Bench Improvement

It has been well documented that the Sixers starting lineup gave opposing teams the Team Rocket treatment and blasted them out of the gym. The issue to start the year was the bench unit which was bolstered by the additions of Ersan Ilyasova and Marco Bellineli from the buyout market. Both pickups proved to be ineffective against the Celtics in the second round of the playoffs. Ilyasova lacked the athleticism to stay on the court and shot poorly, while Bellineli also shot poorly as he was being picked on relentlessly on defense by The Celtics.

In comes, Wilson Chandler who while 32 years old, is still 6'8, long, and a definite upgrade over Bellineli on the defensive end. Chandler will be able to play both the small forward and small ball power forward in smaller lineups at a decent rate. Chandler also shoots the three-point shot at 36%, which is around league average, but if you dig deeper into the shooting numbers, Chandler shot 38% on catch and shoot three-point attempts, the type of shot he should see plenty of as he plays off of Embiid, Simmons, Fultz, and Dario Saric.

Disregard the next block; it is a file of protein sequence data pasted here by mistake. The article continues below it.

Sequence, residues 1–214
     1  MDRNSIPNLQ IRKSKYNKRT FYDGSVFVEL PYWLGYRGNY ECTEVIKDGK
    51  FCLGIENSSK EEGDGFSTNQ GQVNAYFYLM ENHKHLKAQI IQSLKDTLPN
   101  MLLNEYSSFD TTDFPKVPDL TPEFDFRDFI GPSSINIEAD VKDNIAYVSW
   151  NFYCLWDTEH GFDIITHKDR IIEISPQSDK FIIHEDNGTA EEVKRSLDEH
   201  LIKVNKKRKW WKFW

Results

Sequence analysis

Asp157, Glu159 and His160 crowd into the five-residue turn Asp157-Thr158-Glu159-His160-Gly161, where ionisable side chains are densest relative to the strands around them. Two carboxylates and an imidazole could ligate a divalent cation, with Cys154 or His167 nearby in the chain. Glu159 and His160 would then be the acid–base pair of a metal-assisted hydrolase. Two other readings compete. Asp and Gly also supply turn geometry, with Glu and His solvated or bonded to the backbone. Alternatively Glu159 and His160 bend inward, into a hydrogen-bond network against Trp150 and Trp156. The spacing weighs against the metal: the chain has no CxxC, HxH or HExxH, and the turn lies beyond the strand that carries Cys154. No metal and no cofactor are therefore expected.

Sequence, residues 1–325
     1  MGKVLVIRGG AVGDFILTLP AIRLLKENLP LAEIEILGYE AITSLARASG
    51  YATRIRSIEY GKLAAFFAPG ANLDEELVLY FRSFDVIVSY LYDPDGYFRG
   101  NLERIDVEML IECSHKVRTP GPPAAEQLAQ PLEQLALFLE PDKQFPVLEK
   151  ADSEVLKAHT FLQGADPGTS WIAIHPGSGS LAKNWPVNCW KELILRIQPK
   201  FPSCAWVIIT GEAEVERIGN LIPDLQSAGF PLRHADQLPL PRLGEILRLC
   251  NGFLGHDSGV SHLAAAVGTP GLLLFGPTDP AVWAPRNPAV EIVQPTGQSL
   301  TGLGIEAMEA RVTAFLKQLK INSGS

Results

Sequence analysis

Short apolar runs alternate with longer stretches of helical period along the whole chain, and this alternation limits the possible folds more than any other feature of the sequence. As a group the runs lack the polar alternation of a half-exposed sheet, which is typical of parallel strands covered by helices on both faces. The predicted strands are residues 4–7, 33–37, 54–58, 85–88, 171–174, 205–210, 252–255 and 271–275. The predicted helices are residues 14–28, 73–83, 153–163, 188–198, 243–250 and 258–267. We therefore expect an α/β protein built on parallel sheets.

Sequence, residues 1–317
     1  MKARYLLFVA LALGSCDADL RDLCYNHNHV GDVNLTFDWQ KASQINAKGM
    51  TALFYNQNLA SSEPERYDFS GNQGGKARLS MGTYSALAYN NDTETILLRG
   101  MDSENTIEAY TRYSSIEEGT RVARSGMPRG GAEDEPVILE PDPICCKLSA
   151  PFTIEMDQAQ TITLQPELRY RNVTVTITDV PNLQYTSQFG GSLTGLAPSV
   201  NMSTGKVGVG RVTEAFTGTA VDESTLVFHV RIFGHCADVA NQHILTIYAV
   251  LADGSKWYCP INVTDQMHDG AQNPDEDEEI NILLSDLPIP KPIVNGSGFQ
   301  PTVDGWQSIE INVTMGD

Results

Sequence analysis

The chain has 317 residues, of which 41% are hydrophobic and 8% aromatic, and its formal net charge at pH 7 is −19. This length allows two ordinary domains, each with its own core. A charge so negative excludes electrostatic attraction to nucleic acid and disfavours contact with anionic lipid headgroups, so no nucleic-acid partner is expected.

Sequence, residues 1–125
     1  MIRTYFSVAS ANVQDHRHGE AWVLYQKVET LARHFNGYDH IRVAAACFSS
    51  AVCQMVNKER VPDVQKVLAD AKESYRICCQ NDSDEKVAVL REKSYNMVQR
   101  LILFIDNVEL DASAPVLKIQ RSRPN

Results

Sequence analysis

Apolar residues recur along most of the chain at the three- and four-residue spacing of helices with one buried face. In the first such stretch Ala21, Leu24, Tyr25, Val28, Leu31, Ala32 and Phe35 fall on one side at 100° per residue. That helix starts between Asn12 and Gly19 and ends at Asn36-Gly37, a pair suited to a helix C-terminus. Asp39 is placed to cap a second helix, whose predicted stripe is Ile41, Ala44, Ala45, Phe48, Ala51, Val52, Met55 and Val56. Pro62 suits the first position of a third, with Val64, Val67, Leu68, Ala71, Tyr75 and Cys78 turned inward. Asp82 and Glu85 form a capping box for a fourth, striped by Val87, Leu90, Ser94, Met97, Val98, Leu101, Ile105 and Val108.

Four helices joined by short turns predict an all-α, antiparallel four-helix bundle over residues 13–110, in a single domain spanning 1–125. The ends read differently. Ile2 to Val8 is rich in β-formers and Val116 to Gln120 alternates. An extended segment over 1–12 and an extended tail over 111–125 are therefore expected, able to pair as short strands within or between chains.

Mike Muscala should serve as an upgrade over Ilyasova, even if it's just in spot minutes as the backup power forward or center. He can stretch the floor, shooting 39% from three on average over the last two seasons. The Sixers also brought back Amir Johnson, who was effective at backup center last season, but you wonder at this point if age will catch up to him and the younger guys start chipping away at his minutes.

I will go more in-depth on Zhaire Smith in another piece soon, but I believe he will be able to get rotation minutes from the jump because of his defense. The Sixers lacked like-sized guards to be able to defend quicker guards at the point of attack, and not only was that one of the 18-year-old's strengths heading into the draft, he can switch 1 through 4. Despite being 6'4, his elite athleticism, frame and his history playing power forward at Texas Tech and playing CENTER in high-school give him the ability of switchability. Smith is also a very smart player on offense with his explosive cutting, offensive rebounding and even showed some passing ability in Summer League. If you frame the question as "would you rather have Timothe Luwawu-Cabarrot or Zhaire Smith playing those bench wing minutes?", I'd rather have Smith playing those minutes.